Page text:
Barry Weaver has a passion, and that passion is getting rid of a plant that is increasingly invading the Central Coast area - pampas grass.

Decorators have long used the feathery stalks for ornamentation inside homes, and gardeners have used pampas grass for landscaping for many years. In fact, the plant was introduced into Santa Barbara by the nursery business in 1848.

But make no mistake - it's a weed.

For several years many of California's coastal counties, including Santa Barbara County, have had active programs to eradicate the plant.

Once pampas grass gets started, it will proliferate quickly. Each pampas grass plant is able to produce more than a million seeds during its lifetime, and the wind can blow seeds up to 20 miles. The seeds also can be spread by farm or ranch equipment or by off-road vehicles.

Once established, the vigorously growing pampas grass pushes out other vegetation already living there. It takes over, clogging waterways and wetlands and causing environmental chaos. And when dry, it can be a fire hazard.

The grass thrives in coastal regions and likes disturbed areas. Now, it can be seen growing on road cuts along Highway 1 just south of Lompoc.

"Five years ago, I don't remember seeing it along Highway 1. Now, it's getting really bad," said Weaver, a Lompoc resident.

Another place the grass is proliferating is along Jalama Road, the 14-mile scenic byway off Highway 1 to Jalama Beach. Vandenberg Air Force Base has major infestations, as do Vandenberg Village and Burton Mesa.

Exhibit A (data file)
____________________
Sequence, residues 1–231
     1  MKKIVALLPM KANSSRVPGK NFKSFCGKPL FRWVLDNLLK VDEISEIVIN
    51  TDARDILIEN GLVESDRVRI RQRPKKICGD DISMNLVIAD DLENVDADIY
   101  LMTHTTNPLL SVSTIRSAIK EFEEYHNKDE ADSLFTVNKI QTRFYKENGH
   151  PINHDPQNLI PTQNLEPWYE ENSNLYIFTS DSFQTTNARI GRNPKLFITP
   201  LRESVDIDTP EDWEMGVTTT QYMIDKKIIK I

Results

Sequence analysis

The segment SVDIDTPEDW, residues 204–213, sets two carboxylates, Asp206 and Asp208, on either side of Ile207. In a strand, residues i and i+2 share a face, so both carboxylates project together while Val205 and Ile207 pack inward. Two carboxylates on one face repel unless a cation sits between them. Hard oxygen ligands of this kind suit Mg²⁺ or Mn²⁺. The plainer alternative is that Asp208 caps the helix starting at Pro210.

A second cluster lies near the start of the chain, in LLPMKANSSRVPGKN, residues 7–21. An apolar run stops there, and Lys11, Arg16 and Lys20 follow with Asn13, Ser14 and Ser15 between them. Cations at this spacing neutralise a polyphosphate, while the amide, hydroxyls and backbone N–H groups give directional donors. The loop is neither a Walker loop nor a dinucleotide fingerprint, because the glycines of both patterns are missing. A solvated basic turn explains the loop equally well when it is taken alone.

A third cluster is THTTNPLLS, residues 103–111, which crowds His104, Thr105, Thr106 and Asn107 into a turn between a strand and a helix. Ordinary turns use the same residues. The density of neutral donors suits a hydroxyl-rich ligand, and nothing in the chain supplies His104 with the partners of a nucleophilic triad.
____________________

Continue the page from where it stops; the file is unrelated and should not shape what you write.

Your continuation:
Weaver, a retired teacher and a member of Lompoc's Beautification and Appearance Commission, has gone so far as to have errant stands of pampas grass eradicated on his own dime. He also has taken it out himself on roadsides all along the Central Coast.

"(Even) ranchers don't like it," Weaver said. "It takes away pasture land, and the cows don't eat it."

Eradicating pampas grass is quite a chore. The leaves are sharp and tough. The plant has a large taproot that makes it difficult to pull out. The root ball must be dug out completely and disposed of property to get rid of the plant; strong herbicide is another option.

David Chang, a weed-management specialist with the Agricultural Commissioner's Office for Santa Barbara County, said that a decade ago, the county had a grant to specifically take out pampas grass infestations. It was funded by the Southern California Wetlands Recovery Project and by the county's Coastal Resource Enhancement Fund.

But as money has been getting tighter and tighter in the last few years, grant funding has been shrinking, and the county has had to prioritize with its weed removal. The county isn't taking out pampas grass right now, except for infestations that pose a particular threat, according to Chang.

That's not to say it isn't a priority.

"We are emphasizing the removal of pampas grass from the areas of Jalama Road, Highway 1 between Gaviota and Lompoc, from Las Positas Road and the Goleta Slough. We will likely be treating some of these infestations in the future," he said, adding that he hopes more funding becomes available.

Weaver said the general public should be educated about pampas grass so they will stop planting it and take it out whenever they see it. To him, the effort is a crusade.

He recommends finding out more about pampas grass and other problem plant species through the California Invasive Plant Council (www.cal-ipc.org).

The group recommends that instead of planting pampas grass or fountain grass, homeowners should plant blue oat grass, deer grass, giant wild rye, lavender, California fescue or San Diego sedge.

 

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